Hearts offer Arnaud Djoum contract


BY ALAN TEMPLE – Capital City Press

Former Belgium youth internationalist Arnaud Djoum is weighing up a move to Hearts after being offered a contract by the capital club.

The 26-year-old, who is a free agent after leaving Polish champions Lech Poznan in the close season, spent last week on trial with the Jambos.

He impressed head coach Robbie Neilson, who is keen to add depth and physicality to his midfield pool.

Arnaud Djou,
Djoum, pictured, will “add value” to Hearts, according to Neilson


Djoum was formally offered a deal at the weekend and has returned to Belgium to consider his options.

Born in Cameroon, he has previously turned out for FC Brussels, Anderlecht, Roda JC, Akhisar Belediyespor and would become Hearts’ seventh signing of the season.

Neilson confirmed: “I have spoken to Arnaud and we have offered him a contract. It is up to him whether he wants to sign it.

“He has gone back to Belgium to speak to his family and speak to his agent. We will take it from there.

“He is a good player and he will add value to us. It’s now up to him whether he wants to come on our terms.”

Neilson was speaking in the aftermath of Hearts’ comprehensive 3-1 defeat against league leaders Aberdeen yesterday.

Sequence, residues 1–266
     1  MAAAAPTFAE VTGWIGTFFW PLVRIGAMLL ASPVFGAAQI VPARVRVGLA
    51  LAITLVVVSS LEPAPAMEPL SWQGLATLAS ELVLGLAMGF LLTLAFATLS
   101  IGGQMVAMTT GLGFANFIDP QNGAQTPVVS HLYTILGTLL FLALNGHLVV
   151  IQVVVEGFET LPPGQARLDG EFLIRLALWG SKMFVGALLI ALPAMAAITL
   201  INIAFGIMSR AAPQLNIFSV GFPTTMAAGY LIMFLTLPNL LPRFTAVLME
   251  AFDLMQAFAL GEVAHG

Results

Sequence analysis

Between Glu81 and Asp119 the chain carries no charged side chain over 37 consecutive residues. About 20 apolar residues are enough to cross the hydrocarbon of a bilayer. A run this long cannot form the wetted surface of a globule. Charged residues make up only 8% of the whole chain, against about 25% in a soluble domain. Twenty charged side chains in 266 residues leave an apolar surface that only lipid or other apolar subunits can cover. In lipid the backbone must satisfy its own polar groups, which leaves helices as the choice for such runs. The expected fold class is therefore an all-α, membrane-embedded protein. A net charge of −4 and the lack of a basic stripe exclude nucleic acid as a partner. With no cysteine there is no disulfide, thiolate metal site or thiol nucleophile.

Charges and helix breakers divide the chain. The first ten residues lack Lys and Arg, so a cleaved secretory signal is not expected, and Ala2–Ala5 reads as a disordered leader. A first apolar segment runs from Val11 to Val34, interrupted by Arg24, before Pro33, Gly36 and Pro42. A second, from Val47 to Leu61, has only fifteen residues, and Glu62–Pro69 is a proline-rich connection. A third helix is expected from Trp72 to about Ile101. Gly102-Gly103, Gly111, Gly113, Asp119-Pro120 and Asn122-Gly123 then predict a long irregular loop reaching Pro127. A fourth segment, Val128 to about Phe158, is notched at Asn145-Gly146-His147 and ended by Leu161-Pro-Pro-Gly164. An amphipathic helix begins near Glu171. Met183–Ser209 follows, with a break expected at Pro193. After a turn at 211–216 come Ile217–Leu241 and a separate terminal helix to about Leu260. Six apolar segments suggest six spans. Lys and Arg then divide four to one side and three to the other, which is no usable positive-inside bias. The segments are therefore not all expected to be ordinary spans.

It was a third consecutive defeat for the Jambos as they were put to the sword by a David Goodwillie brace and a stunning solo goal by Niall McGinn.

And Neilson believes the recent run is a reality check for Hearts, who hit back through Igor Rossi at Tynecastle.

Neilson continued: “We switched off three times and lost the game. End of story. When you don’t concentrate, even for 30 seconds, you can get punished – and we were punished severely.

“I think this [run] is a learning curve for us all; players, staff and fans. When you win the first five games, people think ‘we’ll do this, we’ll do that’.

“But we’re under no illusions. We are a Championship team that got promoted. Eighteen months ago we were wondering if we were going to go out of business.

“So the players need to learn to handle playing in big games with big expectations again. We still have a long way to go.”